And so in 2013, we enter into Ramadan, all 1.5 billion Muslims, or 1.2 billion, or 1.8 billion of us, depending on who's counting (or better yet who's making up statistics off the top of their head and then getting cited by the media, thereby cementing that figure as real), with a 'Muslim world' in complete conflagration - i.e. business as usual. Now all these millions of Muslims, some nominal, some not so nominal, live in different places with different challenges faced. Some in the West. Some in the East. Some in Muslim majority countries. Some as minorities in secular or other countries. And so it goes. Yet, look around, and we see challenges. There's the conflict in Syria, with a death count now over 100,000 and a displaced population representing a quarter of the country. There's the spiralling situation in Egypt, with an uncertain future ahead. And you can never count Pakistan out, with essentially a bombing a day.

You start to go through Muslim countries, and there's a lot that leaves a lot to be desired. It's almost too long of a list. It kind of makes you want to sing an Islamicized version of Les Misérables "I Dreamed a Dream", I guess with a Fatima instead of Fantine. Given the state of Islam, you might actually get in trouble for singing in public. I know that the 29 or so days of Ramadan will not bring peace, emancipation, and progress to the lands where so many Muslims live. Likely the strife, struggle, and scarcity that defines so many people's lives will not change. In fact in places like Syria, violence could actually intensify this month (some militant groups have actually announced an 'Operation Ramadan').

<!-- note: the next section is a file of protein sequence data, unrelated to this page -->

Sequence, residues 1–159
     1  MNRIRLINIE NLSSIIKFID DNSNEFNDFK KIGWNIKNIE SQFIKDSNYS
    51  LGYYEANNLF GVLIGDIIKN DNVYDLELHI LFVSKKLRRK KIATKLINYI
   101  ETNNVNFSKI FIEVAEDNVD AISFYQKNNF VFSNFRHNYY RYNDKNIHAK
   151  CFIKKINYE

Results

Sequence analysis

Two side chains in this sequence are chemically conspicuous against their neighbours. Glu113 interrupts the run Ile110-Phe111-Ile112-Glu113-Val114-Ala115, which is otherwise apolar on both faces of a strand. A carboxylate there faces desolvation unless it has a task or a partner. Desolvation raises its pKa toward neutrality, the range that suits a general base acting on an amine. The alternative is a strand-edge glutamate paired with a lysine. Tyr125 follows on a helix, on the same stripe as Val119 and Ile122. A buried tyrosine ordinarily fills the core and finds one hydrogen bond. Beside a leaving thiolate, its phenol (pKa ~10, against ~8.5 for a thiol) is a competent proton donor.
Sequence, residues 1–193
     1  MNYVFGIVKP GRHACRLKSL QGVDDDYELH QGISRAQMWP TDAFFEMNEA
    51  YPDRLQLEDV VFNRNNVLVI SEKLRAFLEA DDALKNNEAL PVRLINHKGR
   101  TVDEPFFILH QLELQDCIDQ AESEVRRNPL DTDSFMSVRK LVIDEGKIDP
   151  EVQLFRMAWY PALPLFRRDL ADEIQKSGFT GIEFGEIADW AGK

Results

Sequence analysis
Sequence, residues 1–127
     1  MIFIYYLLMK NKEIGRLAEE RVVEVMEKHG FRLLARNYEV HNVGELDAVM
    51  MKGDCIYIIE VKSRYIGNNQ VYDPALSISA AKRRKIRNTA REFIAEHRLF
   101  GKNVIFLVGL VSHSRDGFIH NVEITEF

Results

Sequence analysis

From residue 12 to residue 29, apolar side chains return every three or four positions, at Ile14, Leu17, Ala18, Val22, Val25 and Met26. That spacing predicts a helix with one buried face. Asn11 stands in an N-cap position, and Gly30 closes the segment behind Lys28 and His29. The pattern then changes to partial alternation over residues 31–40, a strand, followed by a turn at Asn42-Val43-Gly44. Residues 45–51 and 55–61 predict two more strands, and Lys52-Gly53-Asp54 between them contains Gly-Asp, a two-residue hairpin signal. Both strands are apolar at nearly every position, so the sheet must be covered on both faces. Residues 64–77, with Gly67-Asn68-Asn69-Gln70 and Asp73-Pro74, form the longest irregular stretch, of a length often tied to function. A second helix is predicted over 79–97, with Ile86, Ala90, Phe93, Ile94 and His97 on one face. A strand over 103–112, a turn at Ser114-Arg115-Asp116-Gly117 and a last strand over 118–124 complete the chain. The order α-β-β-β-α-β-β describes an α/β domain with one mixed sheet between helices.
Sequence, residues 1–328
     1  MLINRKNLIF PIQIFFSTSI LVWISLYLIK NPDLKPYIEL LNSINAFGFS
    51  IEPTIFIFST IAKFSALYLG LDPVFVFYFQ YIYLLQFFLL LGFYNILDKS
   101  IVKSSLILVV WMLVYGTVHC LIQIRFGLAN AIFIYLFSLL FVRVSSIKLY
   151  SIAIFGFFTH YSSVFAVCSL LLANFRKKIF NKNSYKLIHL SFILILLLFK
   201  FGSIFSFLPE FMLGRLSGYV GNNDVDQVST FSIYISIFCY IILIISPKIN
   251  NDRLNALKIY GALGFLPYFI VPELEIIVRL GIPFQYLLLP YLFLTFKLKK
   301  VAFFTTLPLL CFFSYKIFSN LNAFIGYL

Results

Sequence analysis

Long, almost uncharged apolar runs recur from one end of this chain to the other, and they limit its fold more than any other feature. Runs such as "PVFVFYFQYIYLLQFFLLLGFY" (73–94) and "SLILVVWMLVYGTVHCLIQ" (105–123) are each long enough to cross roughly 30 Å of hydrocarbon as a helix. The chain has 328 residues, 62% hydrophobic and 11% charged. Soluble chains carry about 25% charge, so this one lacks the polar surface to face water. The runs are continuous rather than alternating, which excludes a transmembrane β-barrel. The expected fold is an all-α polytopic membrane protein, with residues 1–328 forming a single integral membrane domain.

Thus, the realities of Ramadan may overwhelm us. Yet, if Ramadan is anything, it is a time for reflection and thinking of what can be, rather than what is. And in that spirit, I thought it would be good to end with a vision, a so-called Ramadan Dreams, of the realm of a possible future, of the Muslim world (i.e. Umma), where:
  • There are far more Sushis than Sunnis & Shiites;